Title IX: Responding to sexual harassment and violence incidents

Confronting these emotionally laden, incendiary events requires an even-handed and fearless approach
By: | Issue: March, 2014
February 19, 2014

A senior administrator recently described the issues related to sexual misconduct as a dormant volcano that lies beneath main administration buildings on campuses across the country. This is a sentiment echoed by many administrators committed to successfully responding to issues of sexual violence and harassment, but sometimes uncertain how to get there. With prevalence rates high and reporting rates low, colleges face challenges in designing and implementing effective responses. But an integrated institutional plan can help.

The sad reality is that no institution, small or large, public or private, coed or single-sex, is immune to the impact of sexual harassment and sexual violence. These issues affect all of us, both individually and communally.

The misconduct we see on college campuses is only a microcosm of the issues that plague society at large. But, given that educational institutions are shaping our next generation of leaders, administrators have not just a tremendous opportunity, but also a legal obligation. We believe they have a moral imperative for creating an environment where sexual violence is not tolerated and to set the tone for compliant and compassionate responses, as well.

We know officials often feel as if they walk the tightrope of fair and impartial processes, strung between the Scylla and Charybdis of the Clery Act and Title IX, bound by FERPA and challenged by the media. But leaders have the tools to design integrated, coordinated institutional responses that effectively tend to the needs of campus constituents. These responses start with dedication of attention and resources. Schools must create a safe environment for constituents to discuss these emotional, often incendiary issues.

A coordinated and integrated institutional response to harassment or violence charges requires an understanding of the complicated regulatory framework: Title IX, the Clery Act, the Campus SaVE Act, mandatory child abuse reporting, federal guidance documents, voluntary resolution agreements and state law. This robust understanding will help those who oversee campus responses navigate the implications and permutations of this complicated field. It also will help implementers distinguish between areas where there are clear mandates and areas where colleges are left to exercise judgment in implementing effective responses.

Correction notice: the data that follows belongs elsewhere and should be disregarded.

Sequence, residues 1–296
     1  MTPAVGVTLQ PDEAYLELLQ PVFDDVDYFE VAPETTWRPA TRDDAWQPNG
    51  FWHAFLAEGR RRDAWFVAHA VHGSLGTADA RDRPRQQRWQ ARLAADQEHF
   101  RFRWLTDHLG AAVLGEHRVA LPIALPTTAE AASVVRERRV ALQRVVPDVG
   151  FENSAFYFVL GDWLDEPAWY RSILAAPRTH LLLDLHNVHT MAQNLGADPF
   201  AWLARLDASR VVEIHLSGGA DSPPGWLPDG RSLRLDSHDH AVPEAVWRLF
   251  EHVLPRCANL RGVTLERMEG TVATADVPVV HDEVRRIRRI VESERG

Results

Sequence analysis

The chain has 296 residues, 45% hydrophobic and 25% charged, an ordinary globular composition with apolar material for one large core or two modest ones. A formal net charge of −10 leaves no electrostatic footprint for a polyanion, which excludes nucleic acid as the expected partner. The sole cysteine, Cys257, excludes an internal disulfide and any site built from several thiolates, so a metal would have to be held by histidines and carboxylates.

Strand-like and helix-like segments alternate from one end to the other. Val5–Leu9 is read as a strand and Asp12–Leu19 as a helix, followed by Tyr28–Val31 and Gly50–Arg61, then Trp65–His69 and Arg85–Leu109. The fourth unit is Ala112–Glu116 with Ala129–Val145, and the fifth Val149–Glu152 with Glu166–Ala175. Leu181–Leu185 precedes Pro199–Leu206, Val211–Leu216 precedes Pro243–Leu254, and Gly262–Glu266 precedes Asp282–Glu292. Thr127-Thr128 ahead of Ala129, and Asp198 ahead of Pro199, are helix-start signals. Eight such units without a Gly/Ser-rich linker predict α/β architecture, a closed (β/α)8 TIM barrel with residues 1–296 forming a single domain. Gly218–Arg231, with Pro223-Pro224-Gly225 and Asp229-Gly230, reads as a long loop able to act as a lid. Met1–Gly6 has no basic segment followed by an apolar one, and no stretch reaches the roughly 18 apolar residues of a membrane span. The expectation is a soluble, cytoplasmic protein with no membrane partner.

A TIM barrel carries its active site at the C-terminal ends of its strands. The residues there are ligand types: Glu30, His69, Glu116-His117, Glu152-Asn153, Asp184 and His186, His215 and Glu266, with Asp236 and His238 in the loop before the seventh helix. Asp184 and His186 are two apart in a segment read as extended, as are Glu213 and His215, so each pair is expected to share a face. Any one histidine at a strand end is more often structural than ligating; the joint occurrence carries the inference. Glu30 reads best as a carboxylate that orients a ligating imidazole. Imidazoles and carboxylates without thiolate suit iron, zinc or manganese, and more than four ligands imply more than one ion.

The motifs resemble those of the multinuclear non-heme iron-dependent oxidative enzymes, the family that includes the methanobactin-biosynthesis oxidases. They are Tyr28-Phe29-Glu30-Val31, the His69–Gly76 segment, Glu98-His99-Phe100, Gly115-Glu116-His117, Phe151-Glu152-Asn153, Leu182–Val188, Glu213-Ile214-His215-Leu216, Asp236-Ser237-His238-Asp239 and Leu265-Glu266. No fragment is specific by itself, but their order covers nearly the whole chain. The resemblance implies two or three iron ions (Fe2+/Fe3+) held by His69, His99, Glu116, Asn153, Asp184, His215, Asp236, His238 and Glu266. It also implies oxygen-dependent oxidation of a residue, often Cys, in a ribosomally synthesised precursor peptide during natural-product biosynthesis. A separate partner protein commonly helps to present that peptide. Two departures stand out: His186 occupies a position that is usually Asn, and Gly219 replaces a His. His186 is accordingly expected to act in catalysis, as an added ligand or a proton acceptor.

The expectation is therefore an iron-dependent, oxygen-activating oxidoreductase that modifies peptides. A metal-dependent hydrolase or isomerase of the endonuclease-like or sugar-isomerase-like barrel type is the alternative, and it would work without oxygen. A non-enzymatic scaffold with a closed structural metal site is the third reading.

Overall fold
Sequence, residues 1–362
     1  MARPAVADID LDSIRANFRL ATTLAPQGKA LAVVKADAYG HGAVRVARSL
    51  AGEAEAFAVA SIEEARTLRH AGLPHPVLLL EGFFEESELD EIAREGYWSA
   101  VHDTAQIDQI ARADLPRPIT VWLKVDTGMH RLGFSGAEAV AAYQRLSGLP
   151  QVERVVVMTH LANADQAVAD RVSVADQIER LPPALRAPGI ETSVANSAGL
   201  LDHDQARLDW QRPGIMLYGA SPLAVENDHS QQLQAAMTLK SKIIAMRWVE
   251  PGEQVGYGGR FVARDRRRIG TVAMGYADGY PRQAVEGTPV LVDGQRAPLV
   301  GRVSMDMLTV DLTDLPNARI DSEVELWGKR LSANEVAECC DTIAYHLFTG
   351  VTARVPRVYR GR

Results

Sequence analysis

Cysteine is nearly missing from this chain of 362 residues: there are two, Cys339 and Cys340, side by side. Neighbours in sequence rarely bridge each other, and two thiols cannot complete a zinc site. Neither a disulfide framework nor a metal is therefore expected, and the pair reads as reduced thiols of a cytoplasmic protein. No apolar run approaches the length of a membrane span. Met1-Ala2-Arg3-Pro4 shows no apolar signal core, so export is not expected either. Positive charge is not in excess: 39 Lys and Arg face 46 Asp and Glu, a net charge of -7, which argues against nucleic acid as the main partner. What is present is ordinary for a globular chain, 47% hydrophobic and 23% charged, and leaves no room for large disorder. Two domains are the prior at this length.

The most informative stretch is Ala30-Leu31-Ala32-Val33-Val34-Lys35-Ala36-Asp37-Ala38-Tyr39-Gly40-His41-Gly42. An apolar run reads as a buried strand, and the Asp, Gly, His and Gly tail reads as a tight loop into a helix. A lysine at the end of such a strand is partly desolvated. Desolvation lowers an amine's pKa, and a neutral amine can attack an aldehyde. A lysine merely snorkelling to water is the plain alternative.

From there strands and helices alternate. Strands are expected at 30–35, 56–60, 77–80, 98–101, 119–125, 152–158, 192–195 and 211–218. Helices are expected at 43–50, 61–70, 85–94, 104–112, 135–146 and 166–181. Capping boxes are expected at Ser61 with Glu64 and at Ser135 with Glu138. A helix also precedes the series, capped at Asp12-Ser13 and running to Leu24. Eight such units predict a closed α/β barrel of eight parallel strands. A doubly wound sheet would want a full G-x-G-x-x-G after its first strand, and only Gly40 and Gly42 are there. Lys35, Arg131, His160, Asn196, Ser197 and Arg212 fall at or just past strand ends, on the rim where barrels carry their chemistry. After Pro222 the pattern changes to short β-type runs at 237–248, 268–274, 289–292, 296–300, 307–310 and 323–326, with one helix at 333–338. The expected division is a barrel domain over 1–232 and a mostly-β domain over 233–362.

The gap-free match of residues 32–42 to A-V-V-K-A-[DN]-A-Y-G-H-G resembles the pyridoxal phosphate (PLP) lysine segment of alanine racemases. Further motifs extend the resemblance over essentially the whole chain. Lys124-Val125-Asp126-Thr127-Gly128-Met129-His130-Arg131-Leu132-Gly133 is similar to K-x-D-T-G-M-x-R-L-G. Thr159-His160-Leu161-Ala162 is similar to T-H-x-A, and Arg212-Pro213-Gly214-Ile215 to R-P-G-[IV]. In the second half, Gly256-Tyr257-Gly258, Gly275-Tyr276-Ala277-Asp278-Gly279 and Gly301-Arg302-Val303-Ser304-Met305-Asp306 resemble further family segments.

A coordinated response

We recommend forming a Title IX team. Outline its roles and responsibilities and review first responder protocols. Articulate roles and responsibilities individually and collectively. Sequence the institutional response in advance of an incident, and draft internal operating procedures. Elements of an effective response include:

  • A strong Title IX coordinator with experience, independence and oversight,
  • Staff that is well-trained in student affairs, human resources, public safety and campus law enforcement,
  • A uniform policy addressing all forms of sexual harassment and violence, stalking and intimate partner violence,
  • Policy and practice that sets clear behavioral expectations for all,
  • Consistent messaging in education and training regarding prevention, bystander engagement and individual and community responsibility,
  • Integration and clarification of reporting responsibilities of employees,
  • Clear delineation between confidential resources and reporting options,
  • A centralized review process led by the Title IX coordinator and team,
  • Consideration of interim protective measures for victims, remedies and support services,
  • Integrated communication and coordination of information,
  • Separation of support and advocacy from the investigative functions,
  • Fair and impartial investigation and adjudication,
  • The inclusion of remedies-based responses, and,
  • Partnerships with local law enforcement and prosecutors as well as regional regulatory offices.

All of this must be supported by education for the entire community, an active effort to remove barriers to reporting and coordinated communication. Through commitment, competence, collaboration and coordination, administrators can exercise effective leadership and oversight of institutional responses.

Gina Maisto Smith and Leslie M. Gomez are partners in the White Collar Litigation and Investigations Practice Group of Pepper Hamilton LLP.